Psalm 62 speaks of seeking God in silence, and Psalm 63 speaks of seeking God early and earnestly, hungering and thirsting for His presence publicly and privately. These are the kinds of longings that drive the believer into the closet to commune with Christ. The Apostle Paul speaks of constantly offering ourselves up as living sacrifices and renewing our minds, and praying without ceasing, and praying all kinds of different prayers (Rom. 12:1-2; 1 Thess. 5:17; Eph. 6:18-20). Hard to do this without a regular habit of some kind. Corrie Ten Boom said, “Don’t pray when you feel like it. Have an appointment with the Lord and keep it. A man is powerful on his knees.”
Paul also calls us to “discipline” ourselves “for the purpose of godliness” (1 Tim. 4:12). In my 30+ years as a Christian, I’ve not met one mature believer who did not have regular devotions. J.C. Ryle states, “What is the reason that some believers are so much brighter and holier than others? I believe the difference in nineteen cases out of twenty, arises from different habits about private prayer. I believe that those who are not eminently holy pray little and those who are eminently holy pray much.”
My brother or sister in Christ, how can you live a life of repentance and confession, without regular times of quiet soul-searching (1 Jn. 1:9; Ps. 139:23-24). How can you continue “drawing near”, as Scripture urges us, without private devotions (Heb. 4:16; 7:19; 10:1, 22; Jam. 4:8)? Don Whitney writes, “Can we expect the flames of our worship of God to burn brightly in public on the Lord’s Day when they barely flicker for him in secret on other days? Isn’t it because we do not worship well in private that our corporate worship experience often dissatisfies us?”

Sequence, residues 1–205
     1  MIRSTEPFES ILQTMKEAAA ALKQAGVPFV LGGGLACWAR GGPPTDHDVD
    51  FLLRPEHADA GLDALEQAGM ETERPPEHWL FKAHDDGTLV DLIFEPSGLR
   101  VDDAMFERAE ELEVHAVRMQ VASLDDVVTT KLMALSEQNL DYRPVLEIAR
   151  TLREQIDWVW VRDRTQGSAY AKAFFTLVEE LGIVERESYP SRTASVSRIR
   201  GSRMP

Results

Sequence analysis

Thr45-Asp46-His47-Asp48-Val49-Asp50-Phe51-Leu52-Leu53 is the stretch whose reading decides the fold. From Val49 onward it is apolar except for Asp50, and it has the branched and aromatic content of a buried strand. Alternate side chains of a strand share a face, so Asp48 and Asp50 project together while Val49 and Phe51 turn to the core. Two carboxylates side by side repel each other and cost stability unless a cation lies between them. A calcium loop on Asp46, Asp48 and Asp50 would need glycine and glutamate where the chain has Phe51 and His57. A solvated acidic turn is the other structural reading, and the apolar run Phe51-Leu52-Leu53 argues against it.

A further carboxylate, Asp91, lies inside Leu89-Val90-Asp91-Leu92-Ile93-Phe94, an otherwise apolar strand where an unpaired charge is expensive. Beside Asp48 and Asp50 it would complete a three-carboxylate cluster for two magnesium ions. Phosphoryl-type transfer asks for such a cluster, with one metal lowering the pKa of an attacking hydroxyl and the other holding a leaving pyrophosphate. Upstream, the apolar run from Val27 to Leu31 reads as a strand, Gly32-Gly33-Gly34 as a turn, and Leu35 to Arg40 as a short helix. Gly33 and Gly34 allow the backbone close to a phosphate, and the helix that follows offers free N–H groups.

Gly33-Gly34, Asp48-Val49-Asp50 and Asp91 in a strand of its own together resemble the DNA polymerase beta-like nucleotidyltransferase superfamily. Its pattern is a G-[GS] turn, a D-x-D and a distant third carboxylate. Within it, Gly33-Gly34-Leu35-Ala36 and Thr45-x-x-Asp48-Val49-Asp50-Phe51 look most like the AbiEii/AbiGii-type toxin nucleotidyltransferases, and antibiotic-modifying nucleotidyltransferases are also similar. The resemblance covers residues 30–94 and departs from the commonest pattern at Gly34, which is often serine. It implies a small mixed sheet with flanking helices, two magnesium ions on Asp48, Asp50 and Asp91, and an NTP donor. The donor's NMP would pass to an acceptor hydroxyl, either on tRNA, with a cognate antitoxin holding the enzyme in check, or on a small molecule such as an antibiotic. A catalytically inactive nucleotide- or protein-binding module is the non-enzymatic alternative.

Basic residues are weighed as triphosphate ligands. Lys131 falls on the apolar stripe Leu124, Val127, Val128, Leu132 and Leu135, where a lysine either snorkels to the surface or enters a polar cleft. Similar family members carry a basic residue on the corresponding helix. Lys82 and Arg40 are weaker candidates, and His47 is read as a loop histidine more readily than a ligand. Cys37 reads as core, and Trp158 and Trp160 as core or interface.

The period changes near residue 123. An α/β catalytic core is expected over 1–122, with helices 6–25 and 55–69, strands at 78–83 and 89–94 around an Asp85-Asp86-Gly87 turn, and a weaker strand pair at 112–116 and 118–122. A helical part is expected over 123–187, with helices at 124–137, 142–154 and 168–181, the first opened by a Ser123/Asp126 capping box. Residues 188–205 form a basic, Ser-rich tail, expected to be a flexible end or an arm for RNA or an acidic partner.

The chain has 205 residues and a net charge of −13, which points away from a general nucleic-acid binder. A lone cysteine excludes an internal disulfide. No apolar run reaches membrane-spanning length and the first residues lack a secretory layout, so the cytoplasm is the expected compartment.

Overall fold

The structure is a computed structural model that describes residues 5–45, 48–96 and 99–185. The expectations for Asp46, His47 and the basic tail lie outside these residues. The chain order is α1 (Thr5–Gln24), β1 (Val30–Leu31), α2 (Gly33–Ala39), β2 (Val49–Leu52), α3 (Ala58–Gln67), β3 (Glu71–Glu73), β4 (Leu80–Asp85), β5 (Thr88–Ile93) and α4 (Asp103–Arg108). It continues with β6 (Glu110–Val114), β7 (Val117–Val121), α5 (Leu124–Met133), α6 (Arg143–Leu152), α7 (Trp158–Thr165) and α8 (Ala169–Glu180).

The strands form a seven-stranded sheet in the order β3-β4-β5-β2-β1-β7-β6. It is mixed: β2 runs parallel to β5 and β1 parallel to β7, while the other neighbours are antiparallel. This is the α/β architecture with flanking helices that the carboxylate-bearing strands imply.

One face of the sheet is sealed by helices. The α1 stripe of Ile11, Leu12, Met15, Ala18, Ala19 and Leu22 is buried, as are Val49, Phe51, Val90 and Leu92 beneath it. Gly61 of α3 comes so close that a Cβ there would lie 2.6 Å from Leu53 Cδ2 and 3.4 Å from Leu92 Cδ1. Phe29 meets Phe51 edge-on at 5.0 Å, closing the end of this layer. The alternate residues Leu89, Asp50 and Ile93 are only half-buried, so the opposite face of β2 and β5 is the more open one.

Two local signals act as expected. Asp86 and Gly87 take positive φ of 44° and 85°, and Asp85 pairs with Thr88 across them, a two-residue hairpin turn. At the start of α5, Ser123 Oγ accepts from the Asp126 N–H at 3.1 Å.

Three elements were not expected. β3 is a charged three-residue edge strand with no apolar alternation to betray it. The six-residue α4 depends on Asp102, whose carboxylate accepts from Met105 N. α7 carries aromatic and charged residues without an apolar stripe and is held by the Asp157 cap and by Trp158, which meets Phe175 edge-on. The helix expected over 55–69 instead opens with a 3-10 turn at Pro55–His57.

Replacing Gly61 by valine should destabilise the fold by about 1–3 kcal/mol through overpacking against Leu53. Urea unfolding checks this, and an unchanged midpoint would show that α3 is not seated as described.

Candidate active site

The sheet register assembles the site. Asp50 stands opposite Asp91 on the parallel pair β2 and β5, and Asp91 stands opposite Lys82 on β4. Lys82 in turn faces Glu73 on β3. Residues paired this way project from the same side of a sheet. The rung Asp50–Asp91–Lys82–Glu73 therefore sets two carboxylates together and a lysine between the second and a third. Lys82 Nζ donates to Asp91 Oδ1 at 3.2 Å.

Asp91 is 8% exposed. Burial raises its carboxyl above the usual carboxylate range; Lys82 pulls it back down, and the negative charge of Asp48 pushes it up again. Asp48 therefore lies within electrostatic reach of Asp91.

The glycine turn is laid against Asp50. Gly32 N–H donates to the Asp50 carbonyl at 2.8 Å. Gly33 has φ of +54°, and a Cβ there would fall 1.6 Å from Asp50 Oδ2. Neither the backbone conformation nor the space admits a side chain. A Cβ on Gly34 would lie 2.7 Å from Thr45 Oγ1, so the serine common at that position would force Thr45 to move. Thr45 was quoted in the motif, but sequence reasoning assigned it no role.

May the living God motivate you, and those around you, to become true ‘closet Christians’ who enjoy spiritual intimacy with their God. May our Lord use this current pandemic to spark a spiritual awakening in His Church, starting with personal revival in our private devotions. Murray-McCheyne said, “I ought to pray before seeing any one. …I feel it is far better to begin with God – to see His face first, to get my soul near Him before it is near another. …Ah! dear brethren, have you ever tasted this blessedness? There is greater rest and solace to be found in the presence of God for one hour, than in an eternity of the presence of man.”